During the February meeting, Staley said the health department was not cooperative in having an environmental audit done. He said board members were claiming they had an audit done, however, Staley said the state didn't have a copy of it.
Clay County Attorney Eric Somheil said, "There was some type of audit procedure done; it was not the same type of audit that Randy has been referring to or suggesting. Since then, the health department has changed their rules and regulations and they do require new installation or repair, that a soil scientist be employed ... they do follow that policy now."
Staley, as a soil scientist, said he's been doing this for approximately 15 years and has worked in 34 of the 92 counties.
"This county would rank as one of the lowest ones," Staley said. "This is an environmental health issue."
Staley proposed three ways to improve the problems including:
* Having on-site investigations,
* Having workshops for septic system installers, and
* Having an environmental audit to see where the county's strengths and weaknesses are.
Staley said he would want the septic systems checked whenever real estate changes possession/ownership to make sure everything is up to code.
Somheil said having the septic system evaluated would be up to the buyer and is not a requirement in Clay County.
Staley went back to the issue of an environmental audit, saying, "It's something that needs to be done that doesn't cost the county anything."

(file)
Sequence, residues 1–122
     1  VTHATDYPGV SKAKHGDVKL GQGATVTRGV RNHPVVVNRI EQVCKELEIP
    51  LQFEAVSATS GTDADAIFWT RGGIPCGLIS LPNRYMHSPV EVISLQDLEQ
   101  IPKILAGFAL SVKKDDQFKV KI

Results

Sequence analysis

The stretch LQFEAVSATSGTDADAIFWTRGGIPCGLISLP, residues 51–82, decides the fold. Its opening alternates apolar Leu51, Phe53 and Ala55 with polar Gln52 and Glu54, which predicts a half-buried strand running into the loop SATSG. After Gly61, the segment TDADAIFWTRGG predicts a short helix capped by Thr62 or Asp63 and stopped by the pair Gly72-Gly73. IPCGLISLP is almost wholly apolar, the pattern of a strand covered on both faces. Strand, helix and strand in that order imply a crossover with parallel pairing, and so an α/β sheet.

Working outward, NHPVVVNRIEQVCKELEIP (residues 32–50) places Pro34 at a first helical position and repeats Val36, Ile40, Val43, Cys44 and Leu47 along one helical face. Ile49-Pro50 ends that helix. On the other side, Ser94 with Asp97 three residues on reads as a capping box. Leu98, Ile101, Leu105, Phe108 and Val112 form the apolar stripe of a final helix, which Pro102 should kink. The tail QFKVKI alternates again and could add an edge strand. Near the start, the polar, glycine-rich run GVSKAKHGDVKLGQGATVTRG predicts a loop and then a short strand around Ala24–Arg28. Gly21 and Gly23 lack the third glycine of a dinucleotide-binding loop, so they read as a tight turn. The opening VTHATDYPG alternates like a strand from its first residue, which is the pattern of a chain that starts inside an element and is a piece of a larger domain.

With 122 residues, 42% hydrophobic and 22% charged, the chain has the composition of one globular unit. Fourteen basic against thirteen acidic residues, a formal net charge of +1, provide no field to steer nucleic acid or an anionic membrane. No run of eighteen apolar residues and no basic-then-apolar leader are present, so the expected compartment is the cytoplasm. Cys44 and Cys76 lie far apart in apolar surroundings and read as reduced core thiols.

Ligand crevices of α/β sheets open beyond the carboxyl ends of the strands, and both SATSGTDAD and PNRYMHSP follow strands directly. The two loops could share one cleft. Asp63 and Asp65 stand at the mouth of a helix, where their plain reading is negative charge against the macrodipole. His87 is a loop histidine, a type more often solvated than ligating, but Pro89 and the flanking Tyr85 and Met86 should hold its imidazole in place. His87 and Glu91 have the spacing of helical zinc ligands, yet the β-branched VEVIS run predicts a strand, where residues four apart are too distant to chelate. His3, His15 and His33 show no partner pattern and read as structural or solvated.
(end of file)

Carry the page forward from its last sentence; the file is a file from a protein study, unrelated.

However, the commissioners felt the health board should be the ones to make the decision.
"Go talk to the health board," Somheil said, "then we'll see if the commissioners need to get involved."
Commissioner Paul Sinders said, "I would like for that audit, if it's needed, to come from (the health board) because I hate to go above and over them. I have great respect for those board members; if I didn't have, I wouldn't have appointed them in the first place. I know you are saying we have the right to (require an environmental audit), but they are the health board -- we've appointed them, and it is their right and responsibility to appoint that if it's needed."
Auditor Mary Jo Alumbaugh added, "I think one of the things hanging this up is the word 'audit.' As the auditor, I deal with that constantly. There's always an assumption that when there's an audit done, they're looking for something wrong. We view it, in our office, as an opportunity to reveal problems so that we can correct them. If you can get people to look at an audit as an opportunity -- to be sure that you are doing right, to confirm the things that are done correctly, to point out weaknesses, to give opportunities to improve. We welcome our audit every year because it's a confirmation that we're doing our job, but there's always an opportunity to do it better."
"I think to reject the opportunity for a free audit from an independent agency or a state agency ... is unfortunate," she continued. "If we're going to be viewed as a progressive county and community that wants to encourage growth, we need to be taking advantage of every avenue that we have to improve the quality of life of our people. I think it is unfortunate that this has not been done."
Sinders plans to attend the health board meeting in April to discuss this issue with the heath board members.